Edwards trial: still no verdict after eight days
The eighth day of trial did bring a note from one of the jurors, however, which prompted several private conversations with the attorneys in the case.
An eighth day of jury deliberations in the John Edwards trial passed without a verdict Wednesday, but not without several episodes of drama that played out behind closed doors.
After receiving a note from a juror, U.S. District Court Judge Catherine Eagles cleared the courtroom, twice, to confer privately with prosecutors and defense lawyers. Eagles provided no details, and defense lawyers and the court clerk declined to comment after jurors went home for the day.
The same issue also prompted the judge to meet twice in her chambers with the lawyers. “We’ve been dealing with a note from one of the regular jurors,” Eagles said in court.
After a long day of uncertainty on the part of journalists and spectators about whether the trial was nearing an end, Eagles told the four alternate jurors that they were free to “go on with your lives” and would no longer be required to spend their days sequestered at the courthouse. She said they would remain on call in case a replacement juror is needed.
Two young women among the alternates danced and waved their arms above their heads in the hallway just outside the courtroom as they were escorted out by federal marshals.
Marcellus McRae, a former federal prosecutor in Los Angeles who has taught trial advocacy at Harvard Law School, said sending alternates home could mean the judge believes jurors are making progress toward a verdict — or that they are close to declaring an impasse.
McRae said the juror’s note also could reflect a wide range of issues — from a juror refusing to take part in deliberations to disputes over how to interpret evidence or testimony.
“You can only assume that the process is still ongoing,” McRae said in a telephone interview.
If jurors inform the court that they have reached an impasse and cannot decide on a verdict, the judge is obliged to disclose that, McRae said. The clerk in Eagles’ courtroom, Gloria Powell, said after court Wednesday that word of an impasse — or a verdict — would be announced promptly.
In releasing the alternates, Eagles referred to the color-coordinated outfits they’ve worn in recent days. “We are going to regret not knowing the color for tomorrow,” she told them.
For the record, the clothing color for Wednesday was purple, although there was some debate among spectators whether one alternate was wearing a brown or dark plum blouse.
“Everyone in the courtroom is going to miss your cheerful faces,” Eagles told them. That might have been a reference to media speculation that one of the female alternates had smiled at and flirted with Edwards.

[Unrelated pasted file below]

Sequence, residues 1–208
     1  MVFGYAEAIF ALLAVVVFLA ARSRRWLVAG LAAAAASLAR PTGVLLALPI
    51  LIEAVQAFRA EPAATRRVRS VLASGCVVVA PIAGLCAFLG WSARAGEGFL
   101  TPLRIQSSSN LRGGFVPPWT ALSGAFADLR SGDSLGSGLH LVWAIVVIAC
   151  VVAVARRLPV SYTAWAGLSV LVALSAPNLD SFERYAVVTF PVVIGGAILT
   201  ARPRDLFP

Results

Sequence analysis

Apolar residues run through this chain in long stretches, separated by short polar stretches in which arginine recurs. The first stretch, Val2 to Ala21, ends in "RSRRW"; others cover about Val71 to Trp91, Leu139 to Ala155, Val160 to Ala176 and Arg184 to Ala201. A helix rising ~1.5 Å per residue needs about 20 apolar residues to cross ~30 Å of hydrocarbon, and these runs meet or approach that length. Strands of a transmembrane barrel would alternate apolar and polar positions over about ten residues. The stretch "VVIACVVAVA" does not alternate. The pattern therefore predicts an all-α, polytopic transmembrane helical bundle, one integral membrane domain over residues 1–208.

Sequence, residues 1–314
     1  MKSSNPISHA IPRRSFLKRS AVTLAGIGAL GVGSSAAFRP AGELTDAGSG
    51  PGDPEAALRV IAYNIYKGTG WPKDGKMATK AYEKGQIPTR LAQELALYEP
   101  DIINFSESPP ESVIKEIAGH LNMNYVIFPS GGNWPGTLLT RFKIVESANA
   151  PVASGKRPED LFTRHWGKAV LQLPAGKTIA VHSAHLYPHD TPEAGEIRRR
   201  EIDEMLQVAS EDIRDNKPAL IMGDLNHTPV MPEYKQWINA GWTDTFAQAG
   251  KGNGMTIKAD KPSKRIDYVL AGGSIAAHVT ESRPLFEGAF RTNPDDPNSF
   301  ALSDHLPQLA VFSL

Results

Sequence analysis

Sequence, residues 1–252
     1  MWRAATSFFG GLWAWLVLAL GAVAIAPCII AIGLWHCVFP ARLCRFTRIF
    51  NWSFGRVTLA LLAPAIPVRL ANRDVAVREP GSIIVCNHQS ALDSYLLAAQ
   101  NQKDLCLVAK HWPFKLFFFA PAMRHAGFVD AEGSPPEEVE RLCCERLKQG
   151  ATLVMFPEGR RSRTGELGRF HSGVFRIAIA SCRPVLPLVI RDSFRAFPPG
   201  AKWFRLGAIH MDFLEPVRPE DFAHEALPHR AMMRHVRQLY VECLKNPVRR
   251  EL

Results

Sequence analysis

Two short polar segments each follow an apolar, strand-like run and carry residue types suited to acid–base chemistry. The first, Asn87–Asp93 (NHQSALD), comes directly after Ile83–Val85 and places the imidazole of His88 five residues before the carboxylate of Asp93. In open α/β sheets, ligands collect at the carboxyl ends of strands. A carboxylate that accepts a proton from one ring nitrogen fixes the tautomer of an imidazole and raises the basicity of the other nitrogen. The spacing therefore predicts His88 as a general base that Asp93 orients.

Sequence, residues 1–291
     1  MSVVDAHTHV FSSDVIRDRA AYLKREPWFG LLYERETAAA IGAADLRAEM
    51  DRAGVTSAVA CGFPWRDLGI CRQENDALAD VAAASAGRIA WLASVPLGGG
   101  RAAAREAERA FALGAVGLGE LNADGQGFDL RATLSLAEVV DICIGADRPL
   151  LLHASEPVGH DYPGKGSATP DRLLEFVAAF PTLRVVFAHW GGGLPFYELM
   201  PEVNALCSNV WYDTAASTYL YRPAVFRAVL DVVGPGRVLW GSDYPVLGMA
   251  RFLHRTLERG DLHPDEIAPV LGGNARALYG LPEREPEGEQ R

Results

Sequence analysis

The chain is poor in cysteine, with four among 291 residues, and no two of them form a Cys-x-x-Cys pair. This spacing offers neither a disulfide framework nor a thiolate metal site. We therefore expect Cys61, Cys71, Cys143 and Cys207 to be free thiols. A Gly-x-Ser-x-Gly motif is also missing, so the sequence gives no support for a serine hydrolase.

The judge also told the alternates: “We have the healthiest group of jurors with the fewest scheduling problems I think I’ve ever seen.”
Her comment suggested that the juror’s note did not involve an illness or a scheduling conflict — though Eagles referred Tuesday to requests from jurors to leave court early on some days to attend high school graduations.
Eagles reminded jurors and alternatives, as she has several times, not to discuss the case outside the jury room, even with fellow jurors. She warned them not to surf the Internet or read or watch media reports.
Her warnings on Tuesday and Wednesday were more explicit than in the past. She said Tuesday that “problems can arise” with jurors in a long trial with extended deliberations. She urged jurors to “control your words.”
Jurors have been in court since jury selection was completed April 23, and have deliberated for more than 45 hours since May 18.
“Judge Eagles’ tone . . . may suggest that there is something more serious troubling her,” Carl Tobias, a law professor at the University of Richmond, wrote in an e-mail. “There are many ways in which jury behavior can become an issue on appeal.”
He added: “My sense is the judge is being as careful as possible so that the resolution is fair and justice is reached.”
Edwards, 58, the 2004 Democratic vice presidential nominee, is charged with six counts of violating federal election laws during his failed campaign for the 2008 Democratic presidential nomination. He faces a maximum of 30 years in prison and $1.5 million in fines if convicted on all counts.